Besides a couple quite exotic configurations, this procedure does not work well with large sites like AOL or eBay, which generate a useful page on the fly even if the requested URI does not exist, and it keeps out all sites on sub-domains, where the Webmaster or publisher can't access the root level, for example free hosts, hosting services like ATT, and your very own Blogger Web logs.

Can you think of an alternative verification procedure to satisfy the smallest as well as the largest Web sites out there?

We are actively working improving the verification process. We know that there are some sites that have had issues with our older verification process, and we updated it to help (allowing lowercase verification filenames), but we know there are still users out there who have problems. We'd love to hear suggestions from users as to what would or wouldn't work for them!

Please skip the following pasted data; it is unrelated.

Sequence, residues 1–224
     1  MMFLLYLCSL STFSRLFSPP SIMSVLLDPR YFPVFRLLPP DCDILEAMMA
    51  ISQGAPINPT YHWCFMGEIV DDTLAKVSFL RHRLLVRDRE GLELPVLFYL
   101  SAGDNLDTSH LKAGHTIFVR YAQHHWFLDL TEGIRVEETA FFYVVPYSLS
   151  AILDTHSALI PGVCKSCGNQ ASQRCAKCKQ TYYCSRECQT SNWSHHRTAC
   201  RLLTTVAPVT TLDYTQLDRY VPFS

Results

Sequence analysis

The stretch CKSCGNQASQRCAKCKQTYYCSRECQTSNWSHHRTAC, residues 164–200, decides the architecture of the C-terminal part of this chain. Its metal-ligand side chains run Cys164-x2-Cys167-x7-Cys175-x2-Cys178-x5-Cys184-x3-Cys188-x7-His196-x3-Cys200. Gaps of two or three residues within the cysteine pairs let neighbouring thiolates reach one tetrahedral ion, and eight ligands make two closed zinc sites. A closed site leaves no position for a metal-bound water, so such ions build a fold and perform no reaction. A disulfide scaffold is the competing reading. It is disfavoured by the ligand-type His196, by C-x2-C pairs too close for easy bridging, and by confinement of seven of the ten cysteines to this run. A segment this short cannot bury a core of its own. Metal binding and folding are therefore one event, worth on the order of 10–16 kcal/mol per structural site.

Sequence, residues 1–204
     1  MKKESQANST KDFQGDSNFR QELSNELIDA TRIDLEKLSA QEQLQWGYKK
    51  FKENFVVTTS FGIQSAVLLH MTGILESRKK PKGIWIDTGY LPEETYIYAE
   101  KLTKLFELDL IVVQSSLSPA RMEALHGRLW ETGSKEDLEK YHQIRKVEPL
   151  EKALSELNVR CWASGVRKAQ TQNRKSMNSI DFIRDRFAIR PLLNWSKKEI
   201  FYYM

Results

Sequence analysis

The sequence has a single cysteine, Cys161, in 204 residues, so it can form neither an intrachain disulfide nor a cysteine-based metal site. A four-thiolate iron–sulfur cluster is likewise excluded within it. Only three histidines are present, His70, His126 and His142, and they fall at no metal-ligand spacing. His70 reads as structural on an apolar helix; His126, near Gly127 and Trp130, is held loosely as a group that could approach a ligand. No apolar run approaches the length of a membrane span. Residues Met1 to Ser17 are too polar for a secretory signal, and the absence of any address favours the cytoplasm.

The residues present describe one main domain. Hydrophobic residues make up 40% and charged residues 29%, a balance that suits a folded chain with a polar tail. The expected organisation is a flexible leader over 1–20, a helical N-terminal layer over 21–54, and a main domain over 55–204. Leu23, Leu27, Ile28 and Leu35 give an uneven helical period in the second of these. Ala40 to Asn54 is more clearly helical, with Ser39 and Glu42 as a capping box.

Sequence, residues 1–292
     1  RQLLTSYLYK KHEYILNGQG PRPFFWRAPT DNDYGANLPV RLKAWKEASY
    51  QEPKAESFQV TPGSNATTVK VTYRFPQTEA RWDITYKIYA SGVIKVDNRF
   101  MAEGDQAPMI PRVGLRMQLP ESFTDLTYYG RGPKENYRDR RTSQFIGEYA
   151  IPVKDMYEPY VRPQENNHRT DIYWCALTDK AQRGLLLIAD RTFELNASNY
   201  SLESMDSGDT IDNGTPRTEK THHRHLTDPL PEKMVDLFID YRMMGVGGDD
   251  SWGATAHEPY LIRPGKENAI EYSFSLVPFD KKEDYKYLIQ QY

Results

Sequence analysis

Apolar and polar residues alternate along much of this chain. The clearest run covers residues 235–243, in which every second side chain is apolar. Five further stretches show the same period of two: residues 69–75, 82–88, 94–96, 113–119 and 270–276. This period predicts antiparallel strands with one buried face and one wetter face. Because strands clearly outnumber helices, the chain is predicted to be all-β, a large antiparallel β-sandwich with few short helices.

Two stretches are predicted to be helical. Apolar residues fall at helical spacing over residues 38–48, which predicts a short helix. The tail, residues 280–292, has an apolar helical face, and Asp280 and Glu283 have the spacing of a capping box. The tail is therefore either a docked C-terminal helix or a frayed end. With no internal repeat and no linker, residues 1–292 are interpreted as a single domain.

In some cases verification requests seem to stick to the queue, and every once in a while a verfied site falls back in the pending status. You've posted that's an inconvenience you're working on, can you estimate when delayed verifications will be the news of yesterday?

We've been making improvements in this area, but we know that some webmasters are still having trouble and it's very frustrating. We are working on a complete resolution as quickly as we can. We have sped up the time from "pending" to "verified" and you shouldn't see issues with verified sites falling back into pending.